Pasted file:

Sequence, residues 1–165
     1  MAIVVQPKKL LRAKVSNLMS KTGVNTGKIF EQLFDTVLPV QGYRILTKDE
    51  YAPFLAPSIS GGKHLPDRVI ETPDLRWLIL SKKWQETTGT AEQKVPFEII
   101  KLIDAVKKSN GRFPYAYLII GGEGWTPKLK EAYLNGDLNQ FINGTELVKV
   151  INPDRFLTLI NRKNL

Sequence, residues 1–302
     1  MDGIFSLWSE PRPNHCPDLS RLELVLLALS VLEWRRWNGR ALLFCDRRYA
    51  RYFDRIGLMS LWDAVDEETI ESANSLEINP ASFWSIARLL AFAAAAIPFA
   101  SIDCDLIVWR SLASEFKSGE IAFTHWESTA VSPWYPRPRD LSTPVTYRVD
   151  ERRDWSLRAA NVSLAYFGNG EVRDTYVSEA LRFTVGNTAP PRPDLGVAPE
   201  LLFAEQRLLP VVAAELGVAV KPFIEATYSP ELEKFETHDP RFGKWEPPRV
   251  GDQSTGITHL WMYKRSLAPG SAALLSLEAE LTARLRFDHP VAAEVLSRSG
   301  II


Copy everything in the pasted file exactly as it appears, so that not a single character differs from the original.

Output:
Sequence, residues 1–165
     1  MAIVVQPKKL LRAKVSNLMS KTGVNTGKIF EQLFDTVLPV QGYRILTKDE
    51  YAPFLAPSIS GGKHLPDRVI ETPDLRWLIL SKKWQETTGT AEQKVPFEII
   101  KLIDAVKKSN GRFPYAYLII GGEGWTPKLK EAYLNGDLNQ FINGTELVKV
   151  INPDRFLTLI NRKNL

Sequence, residues 1–302
     1  MDGIFSLWSE PRPNHCPDLS RLELVLLALS VLEWRRWNGR ALLFCDRRYA
    51  RYFDRIGLMS LWDAVDEETI ESANSLEINP ASFWSIARLL AFAAAAIPFA
   101  SIDCDLIVWR SLASEFKSGE IAFTHWESTA VSPWYPRPRD LSTPVTYRVD
   151  ERRDWSLRAA NVSLAYFGNG EVRDTYVSEA LRFTVGNTAP PRPDLGVAPE
   201  LLFAEQRLLP VVAAELGVAV KPFIEATYSP ELEKFETHDP RFGKWEPPRV
   251  GDQSTGITHL WMYKRSLAPG SAALLSLEAE LTARLRFDHP VAAEVLSRSG
   301  II